Elder Dale G. Renlund, speaking with his wife Ruth, and daughter Ashley, at the opening session of Rootstech Family Discovery Day, strengthened an apostolic challenge that has been given for the past two years.
Elder Neil L. Andersen challenged the youth two years ago, “Prepare as many names for the temple as baptisms you perform in the temple.” Then last year the challenge was strengthened to add this phrase: “and help someone else to do the same.”
Elder Renlund further beefed up the challenge and issued it to all, “Prepare as many names for the temple as ordinances you perform in the temple and teach others to do the same.”
If you do this, he said, blessings will flow to your family. You’ll find not only protection from the temptation and ills of this world but also power to change, power to repent, power to be sanctified, power to learn, power to bind your family together and heal that which needs healing.
Then he invited all to share their experiences on his Facebook page using #templechallenge as the hashtag.
The real power of family history and temple ordinances comes from combining the two together. Elder Renlund told a personal story to demonstrate why this matters so much.
In 1912, when there were only 756 missionaries in the whole world, a group from Sweden went to Larsmo, a small island off the coast, where they taught Elder Renlund’s grandparents Lena Sofia and Leander. They were baptized the next day and became members of the first branch in Finland.
Yet life was tough, and in 1917 Leander died of tuberculosis when Sofia was pregnant with their tenth child. She was an impoverished, peasant woman, who had to struggle to keep her family intact. He said, “For nearly two decades, she did not get a good night’s rest. She hustled at odd jobs during the day to scrape together enough food to eat. At night, she nursed dying family members.”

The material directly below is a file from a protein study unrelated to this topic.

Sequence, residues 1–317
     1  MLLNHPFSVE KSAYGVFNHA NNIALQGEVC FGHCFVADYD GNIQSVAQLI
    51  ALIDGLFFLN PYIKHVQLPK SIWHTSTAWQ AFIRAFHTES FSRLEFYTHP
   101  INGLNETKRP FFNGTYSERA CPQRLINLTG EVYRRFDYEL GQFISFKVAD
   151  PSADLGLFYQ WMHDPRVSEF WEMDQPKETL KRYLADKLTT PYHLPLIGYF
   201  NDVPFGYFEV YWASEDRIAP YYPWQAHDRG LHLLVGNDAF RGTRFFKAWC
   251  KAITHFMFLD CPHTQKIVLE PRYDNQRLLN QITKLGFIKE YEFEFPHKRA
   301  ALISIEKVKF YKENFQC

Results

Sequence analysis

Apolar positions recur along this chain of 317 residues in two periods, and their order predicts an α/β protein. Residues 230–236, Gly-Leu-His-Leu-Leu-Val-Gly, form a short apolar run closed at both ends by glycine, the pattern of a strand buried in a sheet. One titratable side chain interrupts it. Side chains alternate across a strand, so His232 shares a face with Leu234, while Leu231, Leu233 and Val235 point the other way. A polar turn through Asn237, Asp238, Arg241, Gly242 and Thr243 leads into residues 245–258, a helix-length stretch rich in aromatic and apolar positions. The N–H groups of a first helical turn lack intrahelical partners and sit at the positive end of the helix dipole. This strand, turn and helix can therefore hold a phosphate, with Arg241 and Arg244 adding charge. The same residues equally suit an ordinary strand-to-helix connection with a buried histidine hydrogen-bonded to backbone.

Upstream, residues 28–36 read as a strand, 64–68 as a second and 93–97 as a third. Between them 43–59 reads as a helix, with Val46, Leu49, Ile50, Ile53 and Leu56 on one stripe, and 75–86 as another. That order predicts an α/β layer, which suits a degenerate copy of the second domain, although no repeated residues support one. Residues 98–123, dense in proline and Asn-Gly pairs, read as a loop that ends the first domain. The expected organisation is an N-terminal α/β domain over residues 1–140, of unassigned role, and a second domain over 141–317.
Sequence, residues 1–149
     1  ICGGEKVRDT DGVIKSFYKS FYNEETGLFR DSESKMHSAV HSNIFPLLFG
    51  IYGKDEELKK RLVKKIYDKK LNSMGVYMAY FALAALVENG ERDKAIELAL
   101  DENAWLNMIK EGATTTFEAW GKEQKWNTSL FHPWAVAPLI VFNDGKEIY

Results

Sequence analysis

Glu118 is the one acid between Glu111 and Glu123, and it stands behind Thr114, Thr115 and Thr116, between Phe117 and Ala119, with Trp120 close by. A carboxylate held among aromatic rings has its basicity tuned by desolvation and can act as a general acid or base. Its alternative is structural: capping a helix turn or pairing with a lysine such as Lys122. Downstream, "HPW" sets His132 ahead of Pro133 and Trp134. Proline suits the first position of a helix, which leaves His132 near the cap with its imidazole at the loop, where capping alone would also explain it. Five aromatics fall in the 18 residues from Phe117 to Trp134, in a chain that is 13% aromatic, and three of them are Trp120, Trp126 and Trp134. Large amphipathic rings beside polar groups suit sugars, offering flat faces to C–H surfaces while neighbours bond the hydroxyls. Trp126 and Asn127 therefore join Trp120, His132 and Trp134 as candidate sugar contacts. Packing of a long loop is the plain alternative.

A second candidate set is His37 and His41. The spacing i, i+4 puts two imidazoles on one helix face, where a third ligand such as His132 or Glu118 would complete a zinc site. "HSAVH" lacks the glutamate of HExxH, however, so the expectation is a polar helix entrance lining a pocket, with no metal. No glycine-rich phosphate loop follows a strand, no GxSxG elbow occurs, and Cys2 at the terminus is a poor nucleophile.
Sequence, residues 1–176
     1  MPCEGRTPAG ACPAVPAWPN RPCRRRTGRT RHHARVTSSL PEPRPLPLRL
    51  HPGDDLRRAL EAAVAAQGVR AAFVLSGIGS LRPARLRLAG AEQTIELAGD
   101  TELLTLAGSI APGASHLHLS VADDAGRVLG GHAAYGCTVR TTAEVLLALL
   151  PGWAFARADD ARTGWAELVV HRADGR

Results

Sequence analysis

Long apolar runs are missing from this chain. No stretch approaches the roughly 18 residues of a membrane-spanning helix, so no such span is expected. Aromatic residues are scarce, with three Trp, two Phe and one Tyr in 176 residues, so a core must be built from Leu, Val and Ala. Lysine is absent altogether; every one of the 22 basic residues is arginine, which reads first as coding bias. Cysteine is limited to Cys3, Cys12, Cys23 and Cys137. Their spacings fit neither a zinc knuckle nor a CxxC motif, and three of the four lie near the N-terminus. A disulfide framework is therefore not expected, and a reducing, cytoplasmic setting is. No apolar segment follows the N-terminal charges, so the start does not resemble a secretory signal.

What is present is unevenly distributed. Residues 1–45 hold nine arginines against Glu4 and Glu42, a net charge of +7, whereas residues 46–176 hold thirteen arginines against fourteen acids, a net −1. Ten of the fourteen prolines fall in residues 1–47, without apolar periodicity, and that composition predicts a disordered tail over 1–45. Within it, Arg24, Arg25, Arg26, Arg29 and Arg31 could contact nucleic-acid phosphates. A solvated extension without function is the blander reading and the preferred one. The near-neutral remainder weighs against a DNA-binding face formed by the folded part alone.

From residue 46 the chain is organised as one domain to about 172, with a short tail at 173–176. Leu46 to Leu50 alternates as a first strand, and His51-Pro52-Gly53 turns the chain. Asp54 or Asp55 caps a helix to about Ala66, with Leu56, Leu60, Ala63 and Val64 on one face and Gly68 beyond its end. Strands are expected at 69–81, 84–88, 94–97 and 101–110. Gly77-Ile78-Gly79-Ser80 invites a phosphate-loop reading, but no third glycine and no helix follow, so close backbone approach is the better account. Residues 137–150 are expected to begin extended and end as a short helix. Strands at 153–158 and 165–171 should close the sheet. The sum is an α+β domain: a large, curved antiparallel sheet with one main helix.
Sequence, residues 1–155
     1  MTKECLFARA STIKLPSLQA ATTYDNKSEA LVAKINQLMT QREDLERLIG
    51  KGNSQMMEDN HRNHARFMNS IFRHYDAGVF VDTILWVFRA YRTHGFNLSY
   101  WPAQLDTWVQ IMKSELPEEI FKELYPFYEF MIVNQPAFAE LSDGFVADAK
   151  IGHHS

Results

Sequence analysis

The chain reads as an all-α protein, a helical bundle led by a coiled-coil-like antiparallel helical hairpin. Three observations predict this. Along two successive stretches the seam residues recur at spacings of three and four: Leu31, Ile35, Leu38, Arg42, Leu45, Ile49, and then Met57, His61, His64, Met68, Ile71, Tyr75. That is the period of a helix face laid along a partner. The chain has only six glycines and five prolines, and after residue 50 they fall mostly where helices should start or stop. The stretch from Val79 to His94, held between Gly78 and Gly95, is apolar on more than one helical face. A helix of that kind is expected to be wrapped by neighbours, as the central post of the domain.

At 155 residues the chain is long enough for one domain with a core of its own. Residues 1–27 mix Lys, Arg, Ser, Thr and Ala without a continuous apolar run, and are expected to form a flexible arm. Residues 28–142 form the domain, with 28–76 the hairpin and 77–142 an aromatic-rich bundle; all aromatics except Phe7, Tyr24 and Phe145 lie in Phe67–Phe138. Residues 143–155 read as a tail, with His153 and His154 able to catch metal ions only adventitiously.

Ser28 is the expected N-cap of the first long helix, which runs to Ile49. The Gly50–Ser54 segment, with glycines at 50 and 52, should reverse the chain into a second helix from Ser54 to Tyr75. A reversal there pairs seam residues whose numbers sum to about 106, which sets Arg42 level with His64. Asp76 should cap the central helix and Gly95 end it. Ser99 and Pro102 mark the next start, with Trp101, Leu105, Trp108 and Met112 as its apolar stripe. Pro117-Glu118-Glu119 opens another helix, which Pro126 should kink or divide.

In 1963, Elder Renlund’s father, a native of Finland who had immigrated to Salt Lake City, returned as a building missionary and took his family with him. It was during that visit he first met his grandmother. “I had just turned 11 and she was 87. She was stooped from a lifetime of hard labor. She was so bowed over that when she stood from her chair, her height did not change. The skin of her face and hands was weather-beaten, as tough and textured as worn leather. She stood as best she could and pointed to a photo of Leander on the wall and said to me, in Swedish, ‘Det här är min gubbe’—this is my hubby.”
Of course, with time, he came to understand that she had made no mistake at all. She had a gospel perspective that had strengthened her all her difficult days. He said, “Lena Sofia knew that her long-dead husband was and would remain hers throughout the eternities. Through the doctrine of eternal families, Leander remained a presence in her life and part of her great hope for the future.”
He said, “In a blazing affirmation of her faith in the sealing authority, in 1938 Lena Sofia submitted the family records for her deceased children who were over 8 years of age when they died,” said Elder Renlund. “That way, their temple work could be performed, although she herself would not get to the temple during her lifetime.”